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What the Birthright Walkouts Really Accomplish

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In the early 12th century, a wealthy Spanish Jew left the dinner table early to the dismay of his wife and young daughter. They watched as he slowly put down his eating utensils, tucked in his chair, and left his napkin on the table. It’s not that he wasn’t hungry, per se, rather he was unable to eat. This was already the third time this month that such an episode had occurred.
 
Slowly walking from the kitchen to his study, he sat down in his chair, took out a piece of parchment and began to weep. Tears flowing onto the paper, he began attempting to capture his emotions.
 
“My heart is in the East, but I am at the edge of the West. How then can I taste what I eat and take enjoyment in it?”
 
It wasn’t that Spain in the 12th century was a particularly hard time or place for Iberian Jews. On the contrary. Yehuda Halevi, our wealthy Spanish Jew, lived in what historians deem the “Golden Age in Spain” where there was more religious and intellectual freedom than in any other episode in pre-modern Jewish history.
 
Halevi was educated in traditional Hebrew, Arabic literature, Greek philosophy, and science, and worked as a physician with the full freedom to express both his Jewish identity and scientific worldview, while working alongside fellow Spanish Muslims and Christians. It would be difficult to point to a better possible situation for a Medieval Jew.
 
Yet towards the end of his life Halevi left behind everything and boarded a ship to Alexandria, and, after a short time in Egypt, set sail for Israel. Our records end here with historians even disputing whether or not he actually reached the land before his death soon after this time.
 
Anyone keeping up with Jewish news lately has probably heard of a string of Birthright walkouts egged on by the political group IfNotNow. The motive behind this phenomenon is clear. Birthright consciously ignores the political reality of the Israeli/Palestinian conflict, and (in the view of some) the occupation, opting instead for a purely heritage focused trip that introduces young American Jews to the historical, cultural, and religious nature of Israel.
 
We need to be perfectly clear that what Birthright does is completely ok.
 
As much as Jewish (and other) bashers of Israel try to ignore, there is no Judaism without Israel. Israel is where the early myths and moral lessons of the Bible were dreamed of and composed. Israel is the birthplace of some of the earliest religious poetry ever, written by the Psalmists who were love sick in their devotion to God. Israel is the land that the Jewish prophets, with their timeless moral lessons, continuously traversed, encouraging the population to take up acts of social justice.
 
Israel is where the beginning of the creation of the Talmud, the cornerstone of post-biblical Judaism, took place, just years after the destruction of the second Temple. Ironically the phrase “if not now”, was first spoken by a Jewish scholar in Jerusalem roughly 1,900 years ago during this exact time. When prayer began to co-exist with and subsequently take the place of ritual sacrifice, the Rabbis made sure that Israel was central and ubiquitous in nearly every prayer.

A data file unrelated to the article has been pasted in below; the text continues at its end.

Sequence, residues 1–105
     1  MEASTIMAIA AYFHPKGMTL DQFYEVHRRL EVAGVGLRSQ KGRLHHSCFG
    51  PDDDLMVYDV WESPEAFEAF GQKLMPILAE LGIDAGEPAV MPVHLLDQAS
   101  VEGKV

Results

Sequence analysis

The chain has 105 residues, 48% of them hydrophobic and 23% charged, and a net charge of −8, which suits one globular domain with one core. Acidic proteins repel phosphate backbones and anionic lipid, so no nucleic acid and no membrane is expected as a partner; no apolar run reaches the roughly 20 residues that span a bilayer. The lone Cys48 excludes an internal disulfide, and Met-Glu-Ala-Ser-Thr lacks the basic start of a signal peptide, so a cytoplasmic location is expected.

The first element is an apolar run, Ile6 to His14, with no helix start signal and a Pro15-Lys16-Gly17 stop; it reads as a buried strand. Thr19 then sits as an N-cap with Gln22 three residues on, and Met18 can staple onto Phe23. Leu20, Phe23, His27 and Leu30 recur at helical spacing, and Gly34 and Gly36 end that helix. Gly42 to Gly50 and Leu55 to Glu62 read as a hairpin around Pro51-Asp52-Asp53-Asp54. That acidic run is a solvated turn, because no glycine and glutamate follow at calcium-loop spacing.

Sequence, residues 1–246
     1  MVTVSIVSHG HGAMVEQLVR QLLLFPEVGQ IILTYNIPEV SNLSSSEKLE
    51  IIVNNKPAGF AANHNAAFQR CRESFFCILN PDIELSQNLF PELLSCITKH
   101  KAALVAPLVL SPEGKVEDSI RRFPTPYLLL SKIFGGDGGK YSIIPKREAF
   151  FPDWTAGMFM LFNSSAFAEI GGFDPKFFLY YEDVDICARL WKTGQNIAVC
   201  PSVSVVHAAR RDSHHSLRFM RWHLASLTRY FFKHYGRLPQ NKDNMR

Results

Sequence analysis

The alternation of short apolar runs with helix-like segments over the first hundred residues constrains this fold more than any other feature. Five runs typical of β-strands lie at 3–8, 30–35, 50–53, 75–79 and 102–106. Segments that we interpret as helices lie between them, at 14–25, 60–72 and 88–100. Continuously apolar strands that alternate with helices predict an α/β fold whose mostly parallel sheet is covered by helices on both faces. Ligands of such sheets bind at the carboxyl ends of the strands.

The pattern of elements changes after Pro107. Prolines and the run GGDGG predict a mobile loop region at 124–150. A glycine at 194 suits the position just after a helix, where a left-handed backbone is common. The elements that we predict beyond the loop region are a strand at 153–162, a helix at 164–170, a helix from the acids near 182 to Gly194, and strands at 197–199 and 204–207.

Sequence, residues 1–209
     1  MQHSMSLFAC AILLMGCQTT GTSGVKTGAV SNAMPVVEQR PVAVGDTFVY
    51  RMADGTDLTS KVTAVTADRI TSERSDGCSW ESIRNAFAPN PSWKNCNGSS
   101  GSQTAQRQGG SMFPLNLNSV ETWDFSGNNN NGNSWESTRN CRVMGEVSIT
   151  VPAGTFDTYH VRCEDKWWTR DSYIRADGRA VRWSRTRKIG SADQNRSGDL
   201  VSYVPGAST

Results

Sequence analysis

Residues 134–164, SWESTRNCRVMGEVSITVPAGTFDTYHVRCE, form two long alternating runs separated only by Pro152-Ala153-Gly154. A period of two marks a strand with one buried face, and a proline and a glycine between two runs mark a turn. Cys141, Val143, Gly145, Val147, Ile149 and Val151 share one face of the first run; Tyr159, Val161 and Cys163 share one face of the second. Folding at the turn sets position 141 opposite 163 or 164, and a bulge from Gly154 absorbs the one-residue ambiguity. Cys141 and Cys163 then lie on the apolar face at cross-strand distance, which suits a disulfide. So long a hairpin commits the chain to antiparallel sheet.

Israel is the endpoint of hundreds of attempted pilgrimages before the pre-modern era, with Jews risking their lives to travel across the world to reach their homeland. Stories like that of Yehuda Halevi highlight the fact that these pilgrimages were not undertaken to escape religious persecution or for economic gain. Rather, scores of Jews throughout the centuries left everything behind for the simple opportunity to walk the streets of Israel as a Jew.
 
This highlights the importance of Birthright and other trips that take Jews to Israel. The purpose is to show people who grew up viewing Judaism as an archaic religion that they don’t want to practice, that Judaism is actually relevant. That Judaism is truly a civilization with cultural, ethnic, spiritual and nationalistic components that resonate today.
 
Yes, it is important to talk about the conflict, and I implore everyone going on Birthright to do their homework. After I staffed Birthright I even sent out a reading list of books with a multiplicity of perspectives on the conflict and occupation, just days after our trip ended.
 
But when groups try to polarize Birthright, to co-opt it, framing it in a bad light, and seeking to convince people not to go, or to leave mid-trip, they are only ruining the chance for thousands of young Jews to discover and connect to their Jewish identity in the place where their collective history began.
 
They are nothing more than spoilers of an amazing opportunity that most Jews throughout the last 2,000 years could only have dreamed of, as they sat in the midst of exile.
 
Moshe Daniel Levine regularly writes blog postings for Jewish Values Online.  
 
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